Success in College
As a current university student, enrolled in my third year of classes I’ve tested every study technique and note-taking tactic the academic advising center would offer me. After realizing how rigorous one semester of college can be on the unsuspecting high school graduate I decided to share some techniques that have helped me to maintain a solid 3.5 gpa amidst a hectic university environment.
Tip #1: The Phone Call Conundrum
Whether you’re a college freshman planning on entering your first semester or a senior nearing your graduation date, one thing is certain as a college student you will experience many bumps on the road to success.When it comes to signing up for classes, registering as a new student, and budgeting for college expenses it is highly likely that you will have several unanswered questions, registration problems and course schedule difficulties along the way. These problems will require you to make multiple phone calls to college departments to get mistakes corrected and questions answered. You must be willing to have 30 minute to 2 hour long phone conversations that, depending on the size of your school will either be extremely tedious or easily handled but are crucial for success in college. Many university departments take multiple phone calls a day and you will find that 90% of the time operators who handle your call are quick to transfer you to different offices where you are prompted to leave a voicemail because the department head is currently unavailable. While leaving a voicemail can sometimes be helpful, it may be several weeks before you receive any follow up. The way to best handle the situation is to be persistent; continue to call until you are transferred to a receptionist who can help you fix your problem that same day. The longer you stick with it the better chance you have of getting the issue handled in a timely fashion.
To sum it up:
· Phone calls should be made on weekdays in the morning or early afternoon for correspondence.
· Be polite but persistent on the phone and let the receptionist know you would like to be transferred to an actual person who can help you resolve your issue as soon as possible otherwise you can be easily overlooked.
Tip #2: Thorough Note-Taking
If I have learned anything in college it is to always arrive to class prepared with required class materials and have a notebook and writing utensil handy. You will find that college classes are formatted differently, some are online based, some are lecture based and some are completely hands on, in my experience the bulk of college courses are lecture based, with lectures lasting anywhere from an hour an a half to in some cases, three hours. Lecture based classes consist primarily of the professor standing in front of the class, teaching students verbally while occasionally asking for the students response. Taking thorough and detailed notes of the most important points covered during lectures will serve as your study guide when it comes time for midterm testing and final exams.
Tip #3: Keep a Calender of Important Deadlines
Keep a visible calendar above your desk or workstation of noteworthy dates you may forget down the road. At the start of the semester you will have several important deadlines thrown at you and it’s impossible to remember them all which is why it is crucial to make a note of important due dates for assignments, textbooks, fees, and registration deadlines.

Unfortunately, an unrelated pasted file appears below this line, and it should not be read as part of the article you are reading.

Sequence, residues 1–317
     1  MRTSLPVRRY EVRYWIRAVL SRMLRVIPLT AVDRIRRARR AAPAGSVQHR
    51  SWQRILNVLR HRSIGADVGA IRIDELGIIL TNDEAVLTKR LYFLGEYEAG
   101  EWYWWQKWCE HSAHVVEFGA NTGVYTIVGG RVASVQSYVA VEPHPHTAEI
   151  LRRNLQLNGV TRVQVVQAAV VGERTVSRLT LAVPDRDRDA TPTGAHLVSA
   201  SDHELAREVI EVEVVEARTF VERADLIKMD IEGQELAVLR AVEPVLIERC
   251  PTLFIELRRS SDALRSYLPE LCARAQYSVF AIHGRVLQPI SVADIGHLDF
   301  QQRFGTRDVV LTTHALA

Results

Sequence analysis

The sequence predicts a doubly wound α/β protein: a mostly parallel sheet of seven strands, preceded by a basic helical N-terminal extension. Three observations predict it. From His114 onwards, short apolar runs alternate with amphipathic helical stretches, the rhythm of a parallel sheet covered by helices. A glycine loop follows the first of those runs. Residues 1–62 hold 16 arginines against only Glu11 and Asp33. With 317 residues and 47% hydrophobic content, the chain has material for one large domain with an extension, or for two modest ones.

Tip #4: ALWAYS, ALWAYS, ALWAYS Come to Class On-Time
Arrive to class on time: enough said. Or better yet, come 5 to 10 minutes early to make a good impression on your professor.
Tip #5: Avoid the End of the Semester Slump
Even the best college students at some point experience an end of the semester burn-out and who can blame us, a semester full of endless homework, lectures and all night study sessions can do that to a person. However it’s important to remember that you’re a college student who has come to school to succeed. The end of the semester is the most important part because doing well on final exams is crucial. If you get the urge to slack off on your responsibilities as a student, remind yourself of your end goal. What motivated you to enroll in college in the first place? In the words of Newt Gingrich, “Perseverance is the hard work you do after you get tired of doing the hard work you already did”.
Symptoms of the End of the Semester Slump: Beware!
· Severe procrastination
· Shorter attention span
· Skipping classes
· Bad grades
· Studying at the last minute
· Poor quality work
· Forgetting about assignments
· Careless attitude
Tip #6: New Textbooks Are For Newbies
College bookstores are notorious for hiking up the budget of required textbooks, after all, they need to make a profit too. My freshman year of college I needed a Spanish textbook that my college bookstore priced at a whopping, 280 dollars! The cost of one hardback textbook can run anywhere from 50 to 300 dollars, now multiply that cost by the 5+ textbooks you will most likely be required to buy. But not to worry there are several options that won’t require you to pay hundreds of dollars for one book. Instead of buying the Spanish textbook from the bookstore I went on amazon.com and found the exact same one, in good condition for 25 dollars. As soon as you receive your required textbooks list browse websites like ebay and amazon for used textbooks that usually cost a third of the price your college bookstore charges. Another option which I primarily use, is my college’s rental textbook plan which saves me roughly half the cost of buying textbooks new. Look into your schools rental textbook program and read the rules and guidelines, opting for textbook rental is guaranteed to save you hundreds of dollars each semester.
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Tip #7: Enjoy every minute of your college experience... responisbly :)